GIS is a comprehensive technology that has been specifically designed to compile, process, analyze, display, and archive extensive volumes of data. A well designed, implemented, and supported GIS management structure is critical in the success of any mining operation.
Sophisticated technology is required to find, extract, and manage the resources in the earth's crust. Since mining is inherently spatial, requiring accurate knowledge of areas of the earth's surface and subsurface, geospatial technology is best suited to intelligently oversee all phases of the mine operation. GIS gives mining companies the tools they need to operate mines responsibly and at optimum efficiency.
GIS can be used by mining companies to target mineral exploration, evaluate mining conditions, model mine construction, and display data such as geochemical or hydrological. GIS can also be employed in applying for mining permits, assessing environmental impact, and designing closure and reclamation plans. Although GIS is an important tool for many industries, this review is mainly an overview of the different uses of GIS in the mining industry and a listing of sources of mining consultants and suppliers.
With the advent of Geographical Information System (GIS), many mining activities (from exploration to stope development, and production to mine rehabilitation) evolved from pure luck to science. Gone were the days when operations would rely on linen and paper maps and old surveys and drawings and superimposing transparencies to create layers and composite images. GIS replaced old map-analysis processes, traditional drawing tools, and drafting and database technologies.
GIS is ideal for integrating various exploration datasets such as geophysical images, geochemistry, geologic maps, radiometric surveys, boreholes, and mineral deposits. GIS gives the explorationist tools to manage, display, and analyze data, resulting in successful, cost-effective discovery of new mineral deposits.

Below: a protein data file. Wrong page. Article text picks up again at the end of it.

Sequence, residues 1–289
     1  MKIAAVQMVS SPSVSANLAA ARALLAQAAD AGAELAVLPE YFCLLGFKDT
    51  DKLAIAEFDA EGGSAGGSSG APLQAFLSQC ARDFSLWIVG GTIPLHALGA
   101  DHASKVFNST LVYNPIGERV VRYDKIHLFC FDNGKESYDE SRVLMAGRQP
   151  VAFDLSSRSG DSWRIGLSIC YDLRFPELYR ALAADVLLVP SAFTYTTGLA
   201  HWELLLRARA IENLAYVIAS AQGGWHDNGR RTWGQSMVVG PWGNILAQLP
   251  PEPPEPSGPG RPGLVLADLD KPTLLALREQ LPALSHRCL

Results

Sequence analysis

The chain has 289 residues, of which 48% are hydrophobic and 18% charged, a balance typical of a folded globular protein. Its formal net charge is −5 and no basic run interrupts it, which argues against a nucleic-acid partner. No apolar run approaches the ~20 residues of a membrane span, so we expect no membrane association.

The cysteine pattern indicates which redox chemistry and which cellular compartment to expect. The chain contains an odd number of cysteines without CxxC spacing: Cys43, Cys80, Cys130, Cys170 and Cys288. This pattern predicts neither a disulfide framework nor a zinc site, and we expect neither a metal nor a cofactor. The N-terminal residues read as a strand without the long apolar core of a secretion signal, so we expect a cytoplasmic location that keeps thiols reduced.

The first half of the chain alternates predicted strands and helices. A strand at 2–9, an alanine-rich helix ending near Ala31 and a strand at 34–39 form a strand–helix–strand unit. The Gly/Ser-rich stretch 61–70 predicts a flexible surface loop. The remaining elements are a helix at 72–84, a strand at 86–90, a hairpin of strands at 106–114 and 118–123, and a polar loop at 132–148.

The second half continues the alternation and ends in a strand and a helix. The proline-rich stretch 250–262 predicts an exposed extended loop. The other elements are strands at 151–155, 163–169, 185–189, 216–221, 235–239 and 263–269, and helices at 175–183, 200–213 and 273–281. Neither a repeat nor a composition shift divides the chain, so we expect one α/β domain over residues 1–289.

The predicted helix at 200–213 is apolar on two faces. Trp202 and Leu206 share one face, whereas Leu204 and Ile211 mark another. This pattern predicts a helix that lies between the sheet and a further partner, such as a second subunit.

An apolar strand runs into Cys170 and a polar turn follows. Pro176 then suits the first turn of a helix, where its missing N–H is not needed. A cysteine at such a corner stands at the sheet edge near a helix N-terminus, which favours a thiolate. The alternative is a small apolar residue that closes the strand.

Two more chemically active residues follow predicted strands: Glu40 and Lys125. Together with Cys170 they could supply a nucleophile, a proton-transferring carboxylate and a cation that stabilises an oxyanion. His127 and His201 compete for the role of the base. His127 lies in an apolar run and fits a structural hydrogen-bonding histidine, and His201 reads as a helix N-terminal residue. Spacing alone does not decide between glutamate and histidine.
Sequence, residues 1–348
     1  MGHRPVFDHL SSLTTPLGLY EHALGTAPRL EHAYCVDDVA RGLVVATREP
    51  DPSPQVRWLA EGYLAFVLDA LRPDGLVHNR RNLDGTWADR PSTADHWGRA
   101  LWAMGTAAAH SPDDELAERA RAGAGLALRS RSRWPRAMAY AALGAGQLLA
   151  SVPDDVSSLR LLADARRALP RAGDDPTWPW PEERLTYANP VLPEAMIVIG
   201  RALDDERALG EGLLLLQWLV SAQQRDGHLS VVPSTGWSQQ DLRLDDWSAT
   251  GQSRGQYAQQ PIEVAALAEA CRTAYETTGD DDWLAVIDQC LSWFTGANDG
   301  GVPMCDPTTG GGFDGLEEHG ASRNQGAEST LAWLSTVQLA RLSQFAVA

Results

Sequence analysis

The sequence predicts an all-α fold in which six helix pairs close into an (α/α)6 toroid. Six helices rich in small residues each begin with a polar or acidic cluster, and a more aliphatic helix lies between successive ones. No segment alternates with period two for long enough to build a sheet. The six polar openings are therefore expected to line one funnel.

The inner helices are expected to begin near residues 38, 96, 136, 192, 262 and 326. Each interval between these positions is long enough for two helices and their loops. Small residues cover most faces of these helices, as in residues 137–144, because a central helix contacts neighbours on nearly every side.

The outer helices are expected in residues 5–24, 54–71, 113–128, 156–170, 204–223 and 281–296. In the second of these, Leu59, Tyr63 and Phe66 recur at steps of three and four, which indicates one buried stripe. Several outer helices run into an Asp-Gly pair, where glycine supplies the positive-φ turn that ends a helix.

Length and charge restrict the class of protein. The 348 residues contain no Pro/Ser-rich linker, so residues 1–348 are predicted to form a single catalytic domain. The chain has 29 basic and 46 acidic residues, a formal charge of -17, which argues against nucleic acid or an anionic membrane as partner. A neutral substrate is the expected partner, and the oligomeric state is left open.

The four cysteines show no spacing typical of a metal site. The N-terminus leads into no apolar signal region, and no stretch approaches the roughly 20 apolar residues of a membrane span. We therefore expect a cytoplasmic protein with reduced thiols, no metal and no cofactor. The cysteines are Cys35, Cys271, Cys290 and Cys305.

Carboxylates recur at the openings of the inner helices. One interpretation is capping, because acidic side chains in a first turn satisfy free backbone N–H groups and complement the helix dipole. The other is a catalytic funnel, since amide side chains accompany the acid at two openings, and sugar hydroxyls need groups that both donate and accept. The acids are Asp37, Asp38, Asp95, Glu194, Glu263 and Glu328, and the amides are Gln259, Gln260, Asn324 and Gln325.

Mapping of mineral potential using GIS is conducted to delineate areas with different probabilities of hosting certain types of mineralization. The main steps in generating mineral potential maps are:
GIS can be used extensively during the development and production phases of a mining operation. Reserve estimates, annual planned production, or cost-per-ton statistics can be linked to complementary geospatial technology, such as GPS. GIS can be applied to both short-term and long-term scheduling to help optimize production at operations. In production planning, GIS can help to site and query the location of service facilities relative to the main production centers. Are the orepass, drawpoints, ramps, shaft, winze, raises, haulways within a certain distance of production centers (stopes) and meeting production criteria? Are production stopes affected by unstable ground conditions, hazardous gas, refractory ore, etc. These publications give examples:
GIS is used by mine planners to establish the optimal location for exploration drifts, crosscuts, sublevels, manways, and ventilation shafts. For service and ancillary systems, mine planners and engineers use GIS to find the lowest-cost path to route delivery of supplies to working areas, find the closest facility, establish which areas are within service range, assign proximity, model inaccessible areas, and model mine ventilation networks.
From the initial inventory of abandoned mine features through the closure of mines and mills, GIS systems are playing an increasing role in abandoned mine land reclamation. GPS data can be overlaid onto GIS maps to provide precise routes to, and locations of, abandoned mine sites. The GIS mapping allows rapid sizing and plotting of mine openings, waste piles and cultural features for accurate drawing and quantity computations during office design of the closures. Tied to coordinate systems, the maps are accurate with respect to orientation and provide precise information for the preparation of construction documents.
The GIS database provides streamlined storage of all pertinent information regarding the mine features including location, access routes, photographs and tabular summaries of dimensions, land ownership and notes regarding each location. Three-dimensional views generated by the GIS system can be used to illustrate the pre- and post-reclamation design features. In the final phase of reclamation, the GIS systems can similarly be used to locate the site, monitor closure and provide as-built dimensions and documentation of closure within the database.
GIS software can be used to locate and store information on acid mine drainage issues. See these publications:
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